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Mothers’ courage

On 11 July 1995 Bosnian Serb troops captured Srebrenica, a small enclave in Eastern Bosnia. The town was a UN ‘safe area’, guarded by a battalion of Dutch peacekeepers. But when the resistance of local defence units was broken, the population was left at the mercy of Serb soldiers. At least 8,000 men and boys were killed: frog-marched into the hills surrounding the city, then shot and buried in mass graves, where many of them still lie.

Ten years ago Munira Subašić watched her husband and a teenage son being dragged away by Serb soldiers, and has not seen them since. Today, Munira is an activist with the ‘Mothers of Srebrenica’ – a loosely knit network of determined women fighting to expose the truth about the brutal murders that took place that fine summer day over a decade ago.

‘Often I wish I didn’t survive the fall of Srebrenica,’ sighs Munira. ‘Many women think so, we often talk about it. Whenever I go to the city where once I had everything, I smell the horror. I see criminals who took part in the killing.’

Branches of the group operate in Sarajevo, Tuzla, Podrinje and also in Srebrenica itself. The women are divided by the geography and politics of their resettlement. Srebrenica remains a part of Republika Srpska, the Serb-dominated part of the country, while Sarajevo and Tuzla are part of the Federation of Bosnia and Herzegovina.

But the distances are not enough to defeat them. Since 1996 the ‘Mothers’ have held vigils in the crumbling streets of Srebrenica on the 11th of every month to commemorate the slaughter, but also to bolster the search for justice. They lobby and pressure politicians relentlessly.

One of their victories is the Memorial Centre in Potočari, near Srebrenica. The Centre, dedicated to the victims of the genocide, was opened in 2003 by former US President Bill Clinton – ironic, given the West’s refusal to intervene at the time. The memorial was built in the meadow where the Serb paramilitaries selected men to be shot, and hundreds of victims are buried there.

But most of all they agitate to find out the truth about their ‘missing’ husbands, sons and brothers. ‘Ten years have gone and we still look for the bones of our dearest,’ says Munira Subašić, her voice cracking. ‘We are still refugees in out own country. Ratko Mladić [the Bosnian Serb general who led the Srebrenica operation] and Radovan Karadžić [the political leader of the Serbs in Bosnia who ordered the assault] are still at large. And so are the murderers. They freely walk the country. Justice from the Hague has not come here yet.’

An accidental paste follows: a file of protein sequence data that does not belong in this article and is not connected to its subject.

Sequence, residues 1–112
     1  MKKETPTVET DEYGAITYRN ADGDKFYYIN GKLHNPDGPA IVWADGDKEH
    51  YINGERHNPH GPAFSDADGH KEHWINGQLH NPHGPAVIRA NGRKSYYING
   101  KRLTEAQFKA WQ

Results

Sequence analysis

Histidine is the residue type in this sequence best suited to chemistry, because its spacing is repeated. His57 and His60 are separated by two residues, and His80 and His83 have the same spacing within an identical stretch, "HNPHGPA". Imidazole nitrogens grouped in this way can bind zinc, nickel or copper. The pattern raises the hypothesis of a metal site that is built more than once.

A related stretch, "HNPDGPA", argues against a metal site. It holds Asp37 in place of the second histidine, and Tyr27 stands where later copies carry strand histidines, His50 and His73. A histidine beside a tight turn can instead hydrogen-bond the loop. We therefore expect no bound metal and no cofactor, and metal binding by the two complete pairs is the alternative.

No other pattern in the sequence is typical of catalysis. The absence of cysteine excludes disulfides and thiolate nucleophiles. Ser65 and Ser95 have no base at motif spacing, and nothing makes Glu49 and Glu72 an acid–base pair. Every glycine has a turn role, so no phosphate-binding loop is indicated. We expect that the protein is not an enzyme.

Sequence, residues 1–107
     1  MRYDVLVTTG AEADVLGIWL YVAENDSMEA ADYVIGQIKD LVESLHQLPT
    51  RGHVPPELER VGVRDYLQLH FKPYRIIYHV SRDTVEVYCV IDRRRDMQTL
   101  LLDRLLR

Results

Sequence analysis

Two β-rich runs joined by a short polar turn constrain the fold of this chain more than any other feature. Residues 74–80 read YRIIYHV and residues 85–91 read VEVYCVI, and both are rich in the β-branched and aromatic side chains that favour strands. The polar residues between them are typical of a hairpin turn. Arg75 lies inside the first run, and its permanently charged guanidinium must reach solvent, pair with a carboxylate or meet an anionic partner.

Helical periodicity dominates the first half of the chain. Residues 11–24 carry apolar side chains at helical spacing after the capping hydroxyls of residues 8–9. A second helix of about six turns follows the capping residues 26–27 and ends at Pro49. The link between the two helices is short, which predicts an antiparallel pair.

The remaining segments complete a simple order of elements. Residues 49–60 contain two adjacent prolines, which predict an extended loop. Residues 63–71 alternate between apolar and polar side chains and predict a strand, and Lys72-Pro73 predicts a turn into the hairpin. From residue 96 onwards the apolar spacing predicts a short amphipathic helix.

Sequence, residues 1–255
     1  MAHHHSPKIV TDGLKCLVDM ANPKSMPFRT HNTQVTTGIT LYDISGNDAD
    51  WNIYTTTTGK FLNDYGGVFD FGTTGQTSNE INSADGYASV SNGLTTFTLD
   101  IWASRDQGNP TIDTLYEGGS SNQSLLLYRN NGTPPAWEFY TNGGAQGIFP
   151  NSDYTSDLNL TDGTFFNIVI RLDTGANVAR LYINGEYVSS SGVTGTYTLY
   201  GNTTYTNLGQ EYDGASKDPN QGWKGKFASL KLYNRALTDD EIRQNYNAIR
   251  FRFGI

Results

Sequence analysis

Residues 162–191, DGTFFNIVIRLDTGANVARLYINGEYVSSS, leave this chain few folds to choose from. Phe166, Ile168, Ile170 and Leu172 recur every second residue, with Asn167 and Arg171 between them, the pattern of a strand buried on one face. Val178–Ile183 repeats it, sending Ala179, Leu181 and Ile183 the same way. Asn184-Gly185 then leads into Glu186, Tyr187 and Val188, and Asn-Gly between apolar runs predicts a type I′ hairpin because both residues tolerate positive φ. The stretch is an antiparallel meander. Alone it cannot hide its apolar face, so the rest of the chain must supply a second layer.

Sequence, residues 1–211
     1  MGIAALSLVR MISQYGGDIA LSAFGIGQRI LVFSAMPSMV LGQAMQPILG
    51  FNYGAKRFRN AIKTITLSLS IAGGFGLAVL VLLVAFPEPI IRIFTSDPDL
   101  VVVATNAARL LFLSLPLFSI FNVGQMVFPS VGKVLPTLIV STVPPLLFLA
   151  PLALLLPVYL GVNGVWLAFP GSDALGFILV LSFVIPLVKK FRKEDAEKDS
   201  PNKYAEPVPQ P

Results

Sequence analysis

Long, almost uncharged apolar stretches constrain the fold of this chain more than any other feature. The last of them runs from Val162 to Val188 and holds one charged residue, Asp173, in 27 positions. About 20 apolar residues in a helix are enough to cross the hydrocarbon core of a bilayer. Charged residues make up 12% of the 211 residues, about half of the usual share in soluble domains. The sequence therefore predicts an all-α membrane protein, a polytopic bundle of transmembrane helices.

Munira is referring to the Hague-based International Criminal Tribunal for Former Yugoslavia (ICTY), the UN-mandated court for war crimes. The Hague is a long way from the Balkans and the ICTY is a cumbersome beast. Yet, there have been glimmers of hope. In August 2001, the Bosnian Serb General Radislav Krstić was sentenced to 36 years in prison for genocide – a landmark verdict.

Srebrenica today is a city of ghosts, full of deserted houses and near-empty streets. Yet a handful of those who survived the massacre have returned. Safeta Beganović and Ifeta Merjemić are sisters, living in Konjević Polje, a village near Srebrenica.

‘This used to be a nice little place. As long as we sit in our houses, it’s fine. But when we go into the streets, we realize how miserable and desolate it actually is,’ says Safeta. She and her sister survive on earnings from a small chicken farm.

Hatidža Mehmedović also returned. Today she is a key organizer with the Mothers of Srebrenica and a nominee for the Nobel prize.

‘It is hard to live alone,’ Hatidža says softly. ‘I have carved the names of my sons on the doorstep. And over there are three fir trees reaching into the sky. Instead of watching my children age, I watch these three trees grow strong and tall, imagining my two sons and my husband. I want every mother in Srebrenica to find out the truth. Our children were denied their right to life; we mothers have the right to truth.’ •

Irham Čečo is a freelance journalist who lives and works in Sarajevo.

New Internationalist issue 385 magazine cover This article is from the December 2005 issue of New Internationalist.
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